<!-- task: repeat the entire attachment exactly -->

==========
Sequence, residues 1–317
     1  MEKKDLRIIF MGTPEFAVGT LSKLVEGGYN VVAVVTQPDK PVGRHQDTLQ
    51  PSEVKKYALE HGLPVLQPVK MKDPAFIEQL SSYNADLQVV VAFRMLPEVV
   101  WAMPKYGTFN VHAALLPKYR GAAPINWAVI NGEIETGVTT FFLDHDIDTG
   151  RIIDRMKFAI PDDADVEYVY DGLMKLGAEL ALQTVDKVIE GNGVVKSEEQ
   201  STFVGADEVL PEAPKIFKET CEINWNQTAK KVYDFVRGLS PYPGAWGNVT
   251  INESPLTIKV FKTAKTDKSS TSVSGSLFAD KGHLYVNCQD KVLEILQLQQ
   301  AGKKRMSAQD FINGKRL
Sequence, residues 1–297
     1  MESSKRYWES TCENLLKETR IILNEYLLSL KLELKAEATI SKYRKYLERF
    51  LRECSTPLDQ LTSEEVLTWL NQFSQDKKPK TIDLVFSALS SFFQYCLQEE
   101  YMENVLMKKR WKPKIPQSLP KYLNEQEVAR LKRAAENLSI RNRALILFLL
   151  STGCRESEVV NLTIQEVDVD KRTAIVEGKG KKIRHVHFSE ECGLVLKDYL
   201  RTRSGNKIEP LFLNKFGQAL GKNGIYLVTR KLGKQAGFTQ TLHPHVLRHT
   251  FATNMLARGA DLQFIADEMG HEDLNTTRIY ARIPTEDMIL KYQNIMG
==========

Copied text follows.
Sequence, residues 1–317
     1  MEKKDLRIIF MGTPEFAVGT LSKLVEGGYN VVAVVTQPDK PVGRHQDTLQ
    51  PSEVKKYALE HGLPVLQPVK MKDPAFIEQL SSYNADLQVV VAFRMLPEVV
   101  WAMPKYGTFN VHAALLPKYR GAAPINWAVI NGEIETGVTT FFLDHDIDTG
   151  RIIDRMKFAI PDDADVEYVY DGLMKLGAEL ALQTVDKVIE GNGVVKSEEQ
   201  STFVGADEVL PEAPKIFKET CEINWNQTAK KVYDFVRGLS PYPGAWGNVT
   251  INESPLTIKV FKTAKTDKSS TSVSGSLFAD KGHLYVNCQD KVLEILQLQQ
   301  AGKKRMSAQD FINGKRL
Sequence, residues 1–297
     1  MESSKRYWES TCENLLKETR IILNEYLLSL KLELKAEATI SKYRKYLERF
    51  LRECSTPLDQ LTSEEVLTWL NQFSQDKKPK TIDLVFSALS SFFQYCLQEE
   101  YMENVLMKKR WKPKIPQSLP KYLNEQEVAR LKRAAENLSI RNRALILFLL
   151  STGCRESEVV NLTIQEVDVD KRTAIVEGKG KKIRHVHFSE ECGLVLKDYL
   201  RTRSGNKIEP LFLNKFGQAL GKNGIYLVTR KLGKQAGFTQ TLHPHVLRHT
   251  FATNMLARGA DLQFIADEMG HEDLNTTRIY ARIPTEDMIL KYQNIMG